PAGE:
Paris, France: Self-published, 1947
piece heights vary from 4.7 to 3.2 cm.
Edition size unknown
Like virtually all artist-designed chess set, this work owes a debt to Marcel Duchamp. The game became the central pursuit for the artist in the second half of his life, to the exclusion of most other activities, so much to the consternation of his first wife that she reportedly once glued his chess pieces to his chessboard.
"I am still a victim of chess," he stated, "It has all the beauty of art—and much more. It cannot be commercialized. Chess is much purer than art in its social position... I have come to the personal conclusion that while all artists are not chess players, all chess players are artists."
Duchamp and Man Ray played together frequently, and can briefly be seen doing so in René Clair's short 1924 film Entr'acte.
In his 1963 autobiography Self-Portrait, Man Ray wrote:
"Chess occupied [Duchamp] more and more; he spent much time studying the game and frequenting the chess world. I remained a third-rate player – a wood pusher, as he said: my interest was directed towards designing new forms for chess pieces, of not much interest to players but to me a fertile field for invention."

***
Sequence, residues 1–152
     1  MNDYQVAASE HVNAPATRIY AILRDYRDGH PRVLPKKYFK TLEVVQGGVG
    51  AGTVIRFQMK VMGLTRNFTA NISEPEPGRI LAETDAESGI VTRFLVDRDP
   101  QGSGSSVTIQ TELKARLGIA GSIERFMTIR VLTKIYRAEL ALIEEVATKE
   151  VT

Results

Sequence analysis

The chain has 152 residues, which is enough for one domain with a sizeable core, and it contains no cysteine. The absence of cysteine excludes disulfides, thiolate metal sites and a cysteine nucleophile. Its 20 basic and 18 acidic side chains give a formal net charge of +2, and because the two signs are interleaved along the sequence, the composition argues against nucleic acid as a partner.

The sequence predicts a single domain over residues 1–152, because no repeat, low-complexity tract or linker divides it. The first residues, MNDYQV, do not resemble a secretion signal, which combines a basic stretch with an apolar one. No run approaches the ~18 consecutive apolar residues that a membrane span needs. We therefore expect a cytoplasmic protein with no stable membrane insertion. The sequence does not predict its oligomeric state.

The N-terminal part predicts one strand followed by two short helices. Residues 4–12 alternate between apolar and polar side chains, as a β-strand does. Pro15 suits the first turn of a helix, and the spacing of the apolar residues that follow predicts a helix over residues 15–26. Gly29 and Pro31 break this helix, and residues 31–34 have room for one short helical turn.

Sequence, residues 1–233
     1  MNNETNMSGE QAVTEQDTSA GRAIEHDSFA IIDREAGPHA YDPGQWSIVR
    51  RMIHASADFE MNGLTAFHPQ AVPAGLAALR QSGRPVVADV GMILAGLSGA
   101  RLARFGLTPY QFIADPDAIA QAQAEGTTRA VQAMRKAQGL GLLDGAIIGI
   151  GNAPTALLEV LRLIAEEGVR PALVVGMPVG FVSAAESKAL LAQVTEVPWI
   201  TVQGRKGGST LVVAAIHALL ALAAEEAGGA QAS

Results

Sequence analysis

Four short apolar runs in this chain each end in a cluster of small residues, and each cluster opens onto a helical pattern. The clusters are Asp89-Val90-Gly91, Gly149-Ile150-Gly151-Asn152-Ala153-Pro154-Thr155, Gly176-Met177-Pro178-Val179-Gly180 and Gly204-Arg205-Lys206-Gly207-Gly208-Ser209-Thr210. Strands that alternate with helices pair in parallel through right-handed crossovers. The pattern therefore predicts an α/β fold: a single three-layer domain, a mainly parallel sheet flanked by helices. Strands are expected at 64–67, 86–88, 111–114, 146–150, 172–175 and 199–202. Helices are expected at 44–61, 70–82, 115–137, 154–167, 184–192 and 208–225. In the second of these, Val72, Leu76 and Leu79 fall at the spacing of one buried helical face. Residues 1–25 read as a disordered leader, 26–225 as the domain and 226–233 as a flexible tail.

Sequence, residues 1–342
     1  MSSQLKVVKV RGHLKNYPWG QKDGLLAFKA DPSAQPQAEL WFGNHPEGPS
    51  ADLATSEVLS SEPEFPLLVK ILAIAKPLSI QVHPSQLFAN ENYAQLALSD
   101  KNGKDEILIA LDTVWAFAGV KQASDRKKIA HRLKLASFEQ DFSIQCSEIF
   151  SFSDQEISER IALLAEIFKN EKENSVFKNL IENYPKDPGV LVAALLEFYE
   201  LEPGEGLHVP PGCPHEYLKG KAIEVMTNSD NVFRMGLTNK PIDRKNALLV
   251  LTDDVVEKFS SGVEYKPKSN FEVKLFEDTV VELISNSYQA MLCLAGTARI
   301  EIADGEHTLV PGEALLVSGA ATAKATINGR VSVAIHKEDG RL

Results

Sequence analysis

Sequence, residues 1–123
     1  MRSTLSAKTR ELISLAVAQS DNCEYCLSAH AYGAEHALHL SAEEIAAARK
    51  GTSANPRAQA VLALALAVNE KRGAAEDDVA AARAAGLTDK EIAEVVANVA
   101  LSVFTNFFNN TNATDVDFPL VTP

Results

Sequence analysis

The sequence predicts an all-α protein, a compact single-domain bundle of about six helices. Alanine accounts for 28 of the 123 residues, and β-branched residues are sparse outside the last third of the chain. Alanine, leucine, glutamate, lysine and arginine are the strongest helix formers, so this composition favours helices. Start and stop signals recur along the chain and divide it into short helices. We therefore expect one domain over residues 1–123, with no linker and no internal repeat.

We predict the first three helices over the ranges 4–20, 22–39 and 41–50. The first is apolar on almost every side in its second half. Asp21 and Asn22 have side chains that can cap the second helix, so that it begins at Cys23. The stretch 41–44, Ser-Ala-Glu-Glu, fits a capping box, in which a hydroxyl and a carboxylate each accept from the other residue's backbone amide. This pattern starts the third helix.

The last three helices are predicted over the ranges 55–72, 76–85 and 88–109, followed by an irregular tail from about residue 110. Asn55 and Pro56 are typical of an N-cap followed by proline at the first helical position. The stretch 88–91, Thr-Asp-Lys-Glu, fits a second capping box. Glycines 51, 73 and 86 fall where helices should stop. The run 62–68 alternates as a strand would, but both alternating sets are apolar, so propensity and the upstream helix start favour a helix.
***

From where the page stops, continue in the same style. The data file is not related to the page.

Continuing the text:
Man Ray created his first chess set in 1920, in New York and over the following decades developed several different sets increasingly abstract, geometric designs.
This copy is signed, dated and stamped with 'MAN RAY 1947 R' on the top of the gold king and stamped with the initial 'R' on the top of the red king. Conceived in wood in 1920 this version executed in 1947 in anodized aluminum.